• Mary lost. (intransitive)
  • Mary lost the game. (transitive)
  • Mary told Bill the secret. (ditransitive transfer verb)
  • The committee elected John chairman. (ditransitive non-transfer)

The difficulty comes with transfer verbs -- the ones that have an "indirect object". I put the term in quotes because there is a problem with it. Which boldfaced noun phrase is the indirect object in these two sentences?

  • Mary sent Bill the book.
  • Mary sent the book to Bill.

And the answer is: both of them. There is a syntactic rule called the Dative Alternation, which allows two versions of most, though not all, transfer verbs. Dative has two variants -- one is Verb + Indirect Object NP + Direct Object NP, like the first one above, and the other variant is Verb + Direct Object NP + _to_ + Indirect Object NP, like the second one above. They're both indirect objects, and the to is just to mark them as such, like the dative case in languages that have it.

This is not true for just any preposition; the Dative Alternation requires to as a marker, but -- like the to of infinitives, it doesn't mean anything.

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  • So would you say the textbook is in error when it classifies 'led' in "Problems led to desperation." as intransitive?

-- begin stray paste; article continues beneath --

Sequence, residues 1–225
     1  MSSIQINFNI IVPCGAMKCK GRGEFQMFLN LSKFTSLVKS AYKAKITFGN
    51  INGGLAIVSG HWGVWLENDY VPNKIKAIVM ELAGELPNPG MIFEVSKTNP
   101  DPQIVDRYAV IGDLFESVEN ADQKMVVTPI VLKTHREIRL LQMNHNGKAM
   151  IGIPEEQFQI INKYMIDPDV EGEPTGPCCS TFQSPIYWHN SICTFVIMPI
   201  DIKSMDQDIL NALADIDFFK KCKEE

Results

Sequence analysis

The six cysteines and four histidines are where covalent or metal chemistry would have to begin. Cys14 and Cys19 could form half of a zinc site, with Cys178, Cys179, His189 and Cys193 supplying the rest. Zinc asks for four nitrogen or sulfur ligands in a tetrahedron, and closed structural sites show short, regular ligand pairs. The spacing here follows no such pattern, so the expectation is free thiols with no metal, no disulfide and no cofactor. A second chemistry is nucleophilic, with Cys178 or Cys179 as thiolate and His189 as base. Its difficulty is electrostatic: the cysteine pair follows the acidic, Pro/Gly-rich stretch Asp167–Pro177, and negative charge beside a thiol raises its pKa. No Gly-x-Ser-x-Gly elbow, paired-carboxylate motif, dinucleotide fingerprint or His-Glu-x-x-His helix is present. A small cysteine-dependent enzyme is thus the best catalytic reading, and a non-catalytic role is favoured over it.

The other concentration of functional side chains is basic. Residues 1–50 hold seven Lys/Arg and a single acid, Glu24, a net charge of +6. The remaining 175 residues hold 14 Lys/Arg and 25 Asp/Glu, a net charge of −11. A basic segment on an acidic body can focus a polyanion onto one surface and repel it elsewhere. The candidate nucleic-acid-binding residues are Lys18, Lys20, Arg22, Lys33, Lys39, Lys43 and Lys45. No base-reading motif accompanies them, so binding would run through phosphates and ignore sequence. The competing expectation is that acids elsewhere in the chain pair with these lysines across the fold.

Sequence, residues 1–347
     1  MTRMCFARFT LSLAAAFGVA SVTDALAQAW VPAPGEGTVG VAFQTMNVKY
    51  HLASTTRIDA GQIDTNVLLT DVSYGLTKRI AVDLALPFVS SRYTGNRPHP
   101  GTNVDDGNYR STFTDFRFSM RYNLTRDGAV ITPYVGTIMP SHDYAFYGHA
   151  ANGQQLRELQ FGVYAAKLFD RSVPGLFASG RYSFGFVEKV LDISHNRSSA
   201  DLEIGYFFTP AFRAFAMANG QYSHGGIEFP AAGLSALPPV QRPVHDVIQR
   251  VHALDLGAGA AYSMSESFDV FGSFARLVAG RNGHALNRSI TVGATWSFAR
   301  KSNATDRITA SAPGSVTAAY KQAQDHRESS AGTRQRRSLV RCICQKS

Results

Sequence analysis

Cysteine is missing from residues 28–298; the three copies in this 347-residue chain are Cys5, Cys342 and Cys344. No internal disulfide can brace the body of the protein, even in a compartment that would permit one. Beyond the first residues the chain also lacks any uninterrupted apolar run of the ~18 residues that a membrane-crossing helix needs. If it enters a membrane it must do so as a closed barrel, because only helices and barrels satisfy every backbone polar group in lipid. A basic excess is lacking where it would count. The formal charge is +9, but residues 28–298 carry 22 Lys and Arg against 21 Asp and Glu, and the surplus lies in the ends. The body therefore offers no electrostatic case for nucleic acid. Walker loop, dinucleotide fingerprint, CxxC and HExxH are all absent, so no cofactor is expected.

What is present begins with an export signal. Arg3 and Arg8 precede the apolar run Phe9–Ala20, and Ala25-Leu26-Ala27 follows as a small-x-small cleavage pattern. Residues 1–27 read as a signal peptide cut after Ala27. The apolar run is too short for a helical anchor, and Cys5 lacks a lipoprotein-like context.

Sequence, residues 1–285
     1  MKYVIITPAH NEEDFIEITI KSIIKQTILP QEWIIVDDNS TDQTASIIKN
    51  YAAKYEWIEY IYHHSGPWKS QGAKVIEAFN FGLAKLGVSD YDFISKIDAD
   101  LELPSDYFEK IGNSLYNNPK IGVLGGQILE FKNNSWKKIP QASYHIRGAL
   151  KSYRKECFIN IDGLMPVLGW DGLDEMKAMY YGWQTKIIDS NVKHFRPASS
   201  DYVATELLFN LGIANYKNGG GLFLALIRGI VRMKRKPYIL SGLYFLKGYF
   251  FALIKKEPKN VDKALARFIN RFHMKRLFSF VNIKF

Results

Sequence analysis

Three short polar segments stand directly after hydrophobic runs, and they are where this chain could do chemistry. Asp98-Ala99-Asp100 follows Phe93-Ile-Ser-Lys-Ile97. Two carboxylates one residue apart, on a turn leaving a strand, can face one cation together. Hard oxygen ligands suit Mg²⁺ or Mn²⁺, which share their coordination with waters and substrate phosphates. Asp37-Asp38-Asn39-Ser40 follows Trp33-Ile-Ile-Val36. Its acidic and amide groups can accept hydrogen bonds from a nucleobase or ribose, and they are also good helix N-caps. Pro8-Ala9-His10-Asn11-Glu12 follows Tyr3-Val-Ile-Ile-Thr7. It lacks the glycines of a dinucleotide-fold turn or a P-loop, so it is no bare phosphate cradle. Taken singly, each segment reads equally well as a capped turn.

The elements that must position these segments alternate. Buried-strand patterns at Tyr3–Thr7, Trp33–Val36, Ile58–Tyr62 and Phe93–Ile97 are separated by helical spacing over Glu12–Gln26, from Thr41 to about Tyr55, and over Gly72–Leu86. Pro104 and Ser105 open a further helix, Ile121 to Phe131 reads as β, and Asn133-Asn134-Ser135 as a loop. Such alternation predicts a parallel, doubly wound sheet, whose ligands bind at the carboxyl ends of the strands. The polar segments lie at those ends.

– Jos
    Oct 17, 2023 at 1:20
  • Yeah, that's intransitive. Certainly desperation is not an object, and there's no direct object. To desperation is not a receiver but a path of causality. Completely different construction. Oct 17, 2023 at 2:16
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    Why have you starred "Mary told Bill the secret"? I can't see anything ungrammatical about it. In "Mary sent the book to Bill", there is no Oi. "Bill" is comp of "to", not of "sent".
    – BillJ
    Oct 17, 2023 at 8:10
  • Why is elect ditransitive when the second NP is a predicative complement and not an object? Oct 17, 2023 at 8:43
  • @BillJ It was just the second asterisk was missing for the purposes of italicising the sentence. I'm surprised you didn't ask about elect! Oct 17, 2023 at 8:44